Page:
Volvo's crash-tested C30 Electric

The automaker said its tests show that separating the battery pack from the car's crumple zones is one key factor for safety.

Electric cars can be as safe as gasoline-powered cars, a fact Volvo graphically demonstrated at the Detroit auto show by displaying a crashed C30.

The C30 electric car was put through a 40 percent offset front crash test at 40 mph--considered one of the toughest crash tests--in December.

The battery-powered C30 proved to be just as safe as the same model with a conventional engine, Volvo said.

Volvo says the structure of an electric car is significantly different from that of a conventional car, which poses a number of safety challenges.

In the electric C30, for example, the battery takes up much more space than a fuel tank.

A battery pack big enough to give the car a 95-mile range weighs 660 pounds--a large mass that needs to be secure in a crash.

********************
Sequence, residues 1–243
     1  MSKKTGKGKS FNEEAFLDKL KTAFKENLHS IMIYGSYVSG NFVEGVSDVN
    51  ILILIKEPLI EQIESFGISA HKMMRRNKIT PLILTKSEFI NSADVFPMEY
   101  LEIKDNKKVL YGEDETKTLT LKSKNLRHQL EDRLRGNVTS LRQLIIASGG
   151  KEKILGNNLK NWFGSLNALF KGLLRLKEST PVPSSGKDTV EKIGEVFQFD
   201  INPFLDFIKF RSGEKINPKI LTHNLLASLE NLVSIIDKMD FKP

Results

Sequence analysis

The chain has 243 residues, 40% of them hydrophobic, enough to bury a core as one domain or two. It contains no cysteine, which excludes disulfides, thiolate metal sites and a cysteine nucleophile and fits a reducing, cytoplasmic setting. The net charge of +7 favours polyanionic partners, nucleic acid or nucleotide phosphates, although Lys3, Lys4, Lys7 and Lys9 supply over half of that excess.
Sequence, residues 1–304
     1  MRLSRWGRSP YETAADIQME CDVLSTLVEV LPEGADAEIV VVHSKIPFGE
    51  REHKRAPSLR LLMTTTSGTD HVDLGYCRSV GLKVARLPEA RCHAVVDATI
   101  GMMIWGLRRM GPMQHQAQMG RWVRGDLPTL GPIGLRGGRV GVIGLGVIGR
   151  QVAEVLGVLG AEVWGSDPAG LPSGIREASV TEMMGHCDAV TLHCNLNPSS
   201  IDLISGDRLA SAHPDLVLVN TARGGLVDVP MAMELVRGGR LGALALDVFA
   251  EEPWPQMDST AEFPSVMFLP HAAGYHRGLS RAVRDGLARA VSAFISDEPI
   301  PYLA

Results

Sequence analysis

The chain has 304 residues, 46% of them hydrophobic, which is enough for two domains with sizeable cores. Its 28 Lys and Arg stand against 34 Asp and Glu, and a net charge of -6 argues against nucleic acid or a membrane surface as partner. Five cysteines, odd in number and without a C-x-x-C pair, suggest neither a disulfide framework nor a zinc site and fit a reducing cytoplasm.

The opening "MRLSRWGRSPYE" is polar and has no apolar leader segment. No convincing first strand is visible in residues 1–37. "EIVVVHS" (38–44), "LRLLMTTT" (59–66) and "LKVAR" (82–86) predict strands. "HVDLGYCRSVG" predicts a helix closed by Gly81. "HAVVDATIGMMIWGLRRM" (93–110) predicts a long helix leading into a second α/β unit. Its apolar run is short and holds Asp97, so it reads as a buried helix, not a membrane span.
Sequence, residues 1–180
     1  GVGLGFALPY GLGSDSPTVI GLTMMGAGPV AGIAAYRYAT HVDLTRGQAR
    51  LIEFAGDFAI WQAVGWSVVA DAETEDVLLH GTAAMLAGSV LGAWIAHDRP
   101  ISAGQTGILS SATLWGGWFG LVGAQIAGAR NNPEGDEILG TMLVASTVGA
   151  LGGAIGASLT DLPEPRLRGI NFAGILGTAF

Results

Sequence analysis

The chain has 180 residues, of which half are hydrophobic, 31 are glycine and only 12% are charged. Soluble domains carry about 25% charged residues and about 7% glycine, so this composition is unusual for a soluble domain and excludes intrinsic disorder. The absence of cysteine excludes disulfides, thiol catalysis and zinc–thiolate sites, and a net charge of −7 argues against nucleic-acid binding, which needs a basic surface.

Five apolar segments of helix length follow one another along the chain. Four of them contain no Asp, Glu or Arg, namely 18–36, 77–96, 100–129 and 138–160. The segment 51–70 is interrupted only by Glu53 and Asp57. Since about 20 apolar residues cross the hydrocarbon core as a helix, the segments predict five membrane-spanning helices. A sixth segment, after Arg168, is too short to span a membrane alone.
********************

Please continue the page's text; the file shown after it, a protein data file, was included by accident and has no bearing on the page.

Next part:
Furthermore, the electric motor occupies less space under the hood than an internal-combustion engine usually does in a car, so front crumple zones have to be reinforced in the front to absorb increased collision energy from the battery's weight.

Volvo partnered with Ener1 for the C30's lithium-ion battery pack.

Ener1 said retrofitting a battery pack into an existing vehicle while maintaining the same safety standards required an intense collaborative effort with Volvo.

Volvo will roll out a test fleet of electric C30s in Europe and the United States within the next few months with an eight-city tour.

Volvo plans to eventually use the engineering lessons in its future electric cars.В